Macy Gray Re-Imagining Stevie Wonder's 'Talking Book'
Is it possible for an artist to remake an album, just as directors create updated versions of older films? Macy Gray appears to be doing this with Stevie Wonder’s classic Talking Book. However, as nearly everyone is aware, remaking can either lead to a better picture, or one that’s so subpar it’s forgotten or, worse, reviled. If Gray remakes, or “re-imagines,” Talking Book, could it simply stand alone as an interpretation or a tribute, or will the album be the musical equivalent of Gus Van Sant’s Psycho remake?
Why did Gray decide to take on this project? In an email to Billboard, she said: "It's one of my favorite albums. I've never heard a whole album remake before. Thought I'd try one …"
Gray’s version of Talking Book comes out on October 30 and celebrates the original’s 40-year anniversary. Gray, who calls her interpretation a “love letter” rather than a tribute, worked with producer Hal Willner.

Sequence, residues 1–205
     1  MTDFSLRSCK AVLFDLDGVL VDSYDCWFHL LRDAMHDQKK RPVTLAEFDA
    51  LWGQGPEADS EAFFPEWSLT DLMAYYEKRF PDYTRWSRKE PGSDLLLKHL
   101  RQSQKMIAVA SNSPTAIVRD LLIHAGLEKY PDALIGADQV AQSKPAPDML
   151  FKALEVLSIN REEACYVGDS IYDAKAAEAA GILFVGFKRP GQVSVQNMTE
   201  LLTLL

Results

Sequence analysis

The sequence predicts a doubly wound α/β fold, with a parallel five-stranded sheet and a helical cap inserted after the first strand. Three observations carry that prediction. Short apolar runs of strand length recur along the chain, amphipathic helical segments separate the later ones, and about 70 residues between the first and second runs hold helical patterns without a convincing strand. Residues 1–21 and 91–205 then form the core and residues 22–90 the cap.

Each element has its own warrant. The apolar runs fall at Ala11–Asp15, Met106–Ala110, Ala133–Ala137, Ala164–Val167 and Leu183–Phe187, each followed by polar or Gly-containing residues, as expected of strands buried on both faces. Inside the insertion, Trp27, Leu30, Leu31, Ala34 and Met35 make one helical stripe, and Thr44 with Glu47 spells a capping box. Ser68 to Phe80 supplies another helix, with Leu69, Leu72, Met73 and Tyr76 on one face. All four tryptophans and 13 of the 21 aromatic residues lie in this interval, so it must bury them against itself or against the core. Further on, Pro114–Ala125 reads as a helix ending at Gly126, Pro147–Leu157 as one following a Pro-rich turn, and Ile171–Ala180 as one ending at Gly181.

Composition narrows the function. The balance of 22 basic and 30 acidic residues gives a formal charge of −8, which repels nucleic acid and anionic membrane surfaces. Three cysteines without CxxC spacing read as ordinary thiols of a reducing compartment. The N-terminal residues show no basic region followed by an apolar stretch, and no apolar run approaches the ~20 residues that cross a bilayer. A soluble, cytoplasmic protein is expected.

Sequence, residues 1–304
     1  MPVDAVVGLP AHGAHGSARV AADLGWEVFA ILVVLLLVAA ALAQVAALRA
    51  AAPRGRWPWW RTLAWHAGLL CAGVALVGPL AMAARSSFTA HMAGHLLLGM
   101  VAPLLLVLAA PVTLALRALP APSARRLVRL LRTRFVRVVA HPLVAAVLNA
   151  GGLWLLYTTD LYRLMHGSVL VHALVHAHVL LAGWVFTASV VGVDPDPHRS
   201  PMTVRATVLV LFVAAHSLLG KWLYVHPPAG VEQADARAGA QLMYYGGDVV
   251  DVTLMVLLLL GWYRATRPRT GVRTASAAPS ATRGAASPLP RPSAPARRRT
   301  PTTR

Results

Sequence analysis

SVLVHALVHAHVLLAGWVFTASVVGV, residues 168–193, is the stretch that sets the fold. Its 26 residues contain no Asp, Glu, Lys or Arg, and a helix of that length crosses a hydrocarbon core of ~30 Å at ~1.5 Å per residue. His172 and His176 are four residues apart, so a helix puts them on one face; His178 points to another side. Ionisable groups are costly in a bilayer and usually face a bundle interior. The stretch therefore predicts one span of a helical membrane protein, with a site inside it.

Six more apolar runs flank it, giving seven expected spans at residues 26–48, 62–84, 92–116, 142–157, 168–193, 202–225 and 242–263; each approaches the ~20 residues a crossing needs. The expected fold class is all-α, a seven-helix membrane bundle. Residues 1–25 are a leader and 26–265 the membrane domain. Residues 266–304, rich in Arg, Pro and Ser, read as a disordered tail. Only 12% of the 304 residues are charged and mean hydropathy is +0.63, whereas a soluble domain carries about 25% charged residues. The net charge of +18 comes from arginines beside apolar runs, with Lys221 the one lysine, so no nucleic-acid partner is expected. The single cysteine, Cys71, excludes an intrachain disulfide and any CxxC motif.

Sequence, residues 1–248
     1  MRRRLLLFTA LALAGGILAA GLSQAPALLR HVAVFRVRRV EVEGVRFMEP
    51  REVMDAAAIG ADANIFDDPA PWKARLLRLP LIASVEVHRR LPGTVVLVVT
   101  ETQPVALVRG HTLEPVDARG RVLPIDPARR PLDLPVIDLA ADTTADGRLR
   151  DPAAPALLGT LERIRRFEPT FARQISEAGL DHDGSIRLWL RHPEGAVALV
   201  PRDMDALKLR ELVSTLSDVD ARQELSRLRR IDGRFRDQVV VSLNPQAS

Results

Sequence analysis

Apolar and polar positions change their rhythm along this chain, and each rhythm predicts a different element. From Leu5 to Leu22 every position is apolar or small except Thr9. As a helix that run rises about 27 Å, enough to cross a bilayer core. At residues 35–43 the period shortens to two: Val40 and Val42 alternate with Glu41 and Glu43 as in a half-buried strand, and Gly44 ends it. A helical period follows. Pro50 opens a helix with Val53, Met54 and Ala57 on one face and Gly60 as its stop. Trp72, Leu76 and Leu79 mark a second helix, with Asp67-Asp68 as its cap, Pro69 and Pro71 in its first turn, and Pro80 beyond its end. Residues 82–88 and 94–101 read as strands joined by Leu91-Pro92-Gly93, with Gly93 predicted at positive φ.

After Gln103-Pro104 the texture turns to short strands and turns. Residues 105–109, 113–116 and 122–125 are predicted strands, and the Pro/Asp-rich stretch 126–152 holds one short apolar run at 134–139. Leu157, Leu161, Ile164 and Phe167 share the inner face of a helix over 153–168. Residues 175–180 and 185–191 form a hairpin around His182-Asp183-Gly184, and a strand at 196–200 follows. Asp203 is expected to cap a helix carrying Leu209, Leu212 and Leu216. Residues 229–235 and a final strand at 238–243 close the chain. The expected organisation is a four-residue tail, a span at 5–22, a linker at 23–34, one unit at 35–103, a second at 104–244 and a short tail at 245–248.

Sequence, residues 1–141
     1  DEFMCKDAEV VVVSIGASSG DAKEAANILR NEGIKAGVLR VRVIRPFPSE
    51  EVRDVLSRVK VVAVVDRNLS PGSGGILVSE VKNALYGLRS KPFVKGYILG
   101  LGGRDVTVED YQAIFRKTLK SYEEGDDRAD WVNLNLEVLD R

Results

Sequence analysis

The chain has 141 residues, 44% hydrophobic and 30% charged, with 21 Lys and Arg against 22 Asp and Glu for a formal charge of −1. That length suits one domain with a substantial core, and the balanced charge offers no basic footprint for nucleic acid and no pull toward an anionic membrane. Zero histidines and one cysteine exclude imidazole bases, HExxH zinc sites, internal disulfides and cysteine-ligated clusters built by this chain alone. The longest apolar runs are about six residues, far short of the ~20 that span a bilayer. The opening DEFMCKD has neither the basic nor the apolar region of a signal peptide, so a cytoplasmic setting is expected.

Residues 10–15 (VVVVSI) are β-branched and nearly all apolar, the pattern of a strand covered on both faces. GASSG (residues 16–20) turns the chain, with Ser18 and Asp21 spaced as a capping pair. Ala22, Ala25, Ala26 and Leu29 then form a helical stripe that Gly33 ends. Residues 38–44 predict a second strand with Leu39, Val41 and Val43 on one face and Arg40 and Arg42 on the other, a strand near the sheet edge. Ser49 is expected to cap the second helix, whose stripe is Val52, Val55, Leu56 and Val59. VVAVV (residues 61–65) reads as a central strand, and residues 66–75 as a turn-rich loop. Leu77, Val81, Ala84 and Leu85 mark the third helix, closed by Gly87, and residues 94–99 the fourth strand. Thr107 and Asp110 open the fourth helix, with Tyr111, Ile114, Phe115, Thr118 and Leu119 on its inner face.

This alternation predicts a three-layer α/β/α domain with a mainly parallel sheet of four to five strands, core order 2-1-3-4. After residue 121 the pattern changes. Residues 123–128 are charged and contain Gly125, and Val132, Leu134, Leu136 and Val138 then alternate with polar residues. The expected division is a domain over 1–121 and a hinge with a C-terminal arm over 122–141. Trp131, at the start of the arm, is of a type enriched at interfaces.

This release, which comes out on 429 Records/Savoy Label Group, is not Gray’s first release of covers. Earlier in 2012, she put out the aptly-titled Covered, in which she performed versions of songs by Arcade Fire, Radiohead, and other artists. Covered was her first release of 429.
The original Talking Book came out October 28, 1972 and featured songs “Sunshine of My Life” and “Superstition.” Doing well on the pop and R&B charts at the time, Talking Book netted Wonder three Grammy awards.
What do you think about Gray re-imagining Wonder’s classic album? Should other artists consider such projects, or is this a major career misstep?
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